In London, Italians comprise up to 10-20% of professionals working in finance, especially in large organizations such as Goldman Sachs and Bain Capital. Italians are popular employees in London because we get a good education but there aren’t enough firms to attract that talent back in Italy. We are also generally open to travel and relocate abroad, and the result is there is a brain drain back in Italy. The Italian government tried to reverse that with a tax incentive for those who return to the country and it’s partially working. There may be a decentralisation from London at some point, particularly with Brexit looming, and we have seen some of that already, but it won’t happen over-night.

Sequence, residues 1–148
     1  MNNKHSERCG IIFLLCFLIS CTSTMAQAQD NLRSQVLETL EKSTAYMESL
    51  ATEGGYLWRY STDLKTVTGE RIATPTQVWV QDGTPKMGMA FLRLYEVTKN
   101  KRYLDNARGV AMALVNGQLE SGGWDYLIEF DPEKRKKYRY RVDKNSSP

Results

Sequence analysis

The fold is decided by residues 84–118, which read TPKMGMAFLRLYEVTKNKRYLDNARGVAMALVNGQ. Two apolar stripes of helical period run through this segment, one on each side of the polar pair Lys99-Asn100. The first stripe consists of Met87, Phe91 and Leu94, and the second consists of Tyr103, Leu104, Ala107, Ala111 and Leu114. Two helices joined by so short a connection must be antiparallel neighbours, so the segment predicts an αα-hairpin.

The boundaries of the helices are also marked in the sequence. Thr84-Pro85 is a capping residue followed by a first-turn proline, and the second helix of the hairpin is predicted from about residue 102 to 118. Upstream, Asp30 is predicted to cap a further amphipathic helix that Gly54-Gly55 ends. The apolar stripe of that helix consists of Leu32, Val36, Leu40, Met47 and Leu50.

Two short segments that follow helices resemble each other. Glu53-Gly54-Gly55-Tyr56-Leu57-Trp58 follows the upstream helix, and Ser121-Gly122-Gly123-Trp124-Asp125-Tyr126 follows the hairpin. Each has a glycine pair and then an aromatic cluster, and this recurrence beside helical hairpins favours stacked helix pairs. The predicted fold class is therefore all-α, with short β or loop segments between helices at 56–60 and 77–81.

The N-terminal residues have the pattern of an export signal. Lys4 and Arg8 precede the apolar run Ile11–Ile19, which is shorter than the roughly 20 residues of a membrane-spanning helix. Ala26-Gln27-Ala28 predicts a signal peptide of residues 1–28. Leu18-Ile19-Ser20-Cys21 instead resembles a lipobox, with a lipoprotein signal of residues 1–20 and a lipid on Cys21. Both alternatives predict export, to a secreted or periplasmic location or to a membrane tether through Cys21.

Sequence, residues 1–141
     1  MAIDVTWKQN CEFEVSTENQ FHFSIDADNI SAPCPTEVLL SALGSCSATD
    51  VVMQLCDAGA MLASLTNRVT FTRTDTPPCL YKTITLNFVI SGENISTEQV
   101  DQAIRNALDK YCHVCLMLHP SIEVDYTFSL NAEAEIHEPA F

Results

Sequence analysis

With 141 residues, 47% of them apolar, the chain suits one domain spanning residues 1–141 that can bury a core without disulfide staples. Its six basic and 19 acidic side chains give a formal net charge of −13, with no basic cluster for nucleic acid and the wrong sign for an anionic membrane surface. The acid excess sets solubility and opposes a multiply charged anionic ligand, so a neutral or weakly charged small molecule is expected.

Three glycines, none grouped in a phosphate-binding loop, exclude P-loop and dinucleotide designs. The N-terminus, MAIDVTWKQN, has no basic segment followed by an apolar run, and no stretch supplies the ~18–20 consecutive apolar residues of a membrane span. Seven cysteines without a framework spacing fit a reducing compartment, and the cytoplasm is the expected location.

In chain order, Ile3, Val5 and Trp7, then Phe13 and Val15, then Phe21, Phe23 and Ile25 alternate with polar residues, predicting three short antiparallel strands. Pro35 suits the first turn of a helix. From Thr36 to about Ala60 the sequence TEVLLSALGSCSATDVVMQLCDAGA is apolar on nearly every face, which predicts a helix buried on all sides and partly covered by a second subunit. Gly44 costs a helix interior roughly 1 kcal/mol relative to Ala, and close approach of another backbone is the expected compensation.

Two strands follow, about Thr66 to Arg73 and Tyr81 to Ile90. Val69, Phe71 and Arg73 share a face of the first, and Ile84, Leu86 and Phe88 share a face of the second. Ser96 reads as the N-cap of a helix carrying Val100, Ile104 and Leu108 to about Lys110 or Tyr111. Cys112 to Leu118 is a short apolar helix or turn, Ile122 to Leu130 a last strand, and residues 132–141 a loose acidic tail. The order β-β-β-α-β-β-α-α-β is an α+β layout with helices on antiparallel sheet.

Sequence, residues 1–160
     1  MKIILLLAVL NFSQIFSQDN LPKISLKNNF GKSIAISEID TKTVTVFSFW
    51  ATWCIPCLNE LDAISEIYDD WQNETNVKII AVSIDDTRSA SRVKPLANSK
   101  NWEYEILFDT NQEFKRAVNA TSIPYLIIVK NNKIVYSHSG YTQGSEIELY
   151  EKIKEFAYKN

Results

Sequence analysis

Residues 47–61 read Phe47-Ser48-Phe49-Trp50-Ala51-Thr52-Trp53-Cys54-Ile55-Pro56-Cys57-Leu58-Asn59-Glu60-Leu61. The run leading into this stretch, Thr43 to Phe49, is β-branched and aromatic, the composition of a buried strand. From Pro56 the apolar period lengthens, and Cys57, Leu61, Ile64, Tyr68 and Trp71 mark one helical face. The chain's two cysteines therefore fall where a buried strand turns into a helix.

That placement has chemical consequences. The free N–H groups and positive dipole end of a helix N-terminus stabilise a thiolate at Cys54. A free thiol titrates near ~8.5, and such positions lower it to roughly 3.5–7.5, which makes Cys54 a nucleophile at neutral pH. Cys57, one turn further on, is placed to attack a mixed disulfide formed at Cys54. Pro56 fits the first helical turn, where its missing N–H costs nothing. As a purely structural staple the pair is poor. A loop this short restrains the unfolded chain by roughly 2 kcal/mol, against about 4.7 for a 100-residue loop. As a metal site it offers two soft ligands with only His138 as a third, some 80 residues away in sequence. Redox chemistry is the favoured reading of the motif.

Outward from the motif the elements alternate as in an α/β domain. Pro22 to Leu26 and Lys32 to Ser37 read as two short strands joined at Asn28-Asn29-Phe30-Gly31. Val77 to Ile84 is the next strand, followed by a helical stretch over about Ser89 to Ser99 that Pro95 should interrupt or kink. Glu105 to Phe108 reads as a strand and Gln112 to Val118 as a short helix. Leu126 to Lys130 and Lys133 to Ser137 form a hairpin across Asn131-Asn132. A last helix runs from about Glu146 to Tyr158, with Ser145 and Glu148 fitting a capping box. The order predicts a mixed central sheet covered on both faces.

Finally, do you have any advice for current candidates?
I would say my advice for current candidates is as follows:
Do your research. The London market is unique and quite different from the rest of Europe. Research doesn’t mean looking at the website – what you read online is only partly useful. It is important to talk to people and ask questions.
Plan ahead – always think one step ahead, ask yourself what is next, how do I get there, what is the right path? Remember that it is not necessarily the quickest way, but the most thoughtful way will get you where you want to be.
Be patient – working out your career often takes time.
Learn from failures. Use a methodical approach to observe and recognise failures – both your own and others you see around you. Sometimes people treat failure as something to avoid, but they can be an excellent learning opportunity.
Finally, I always keep in mind advice from my grandfather: “If you are the smartest in the room then you are probably in the wrong room.” I have always kept this in mind and it has encouraged me to work in settings that challenge, inspire and motivate me.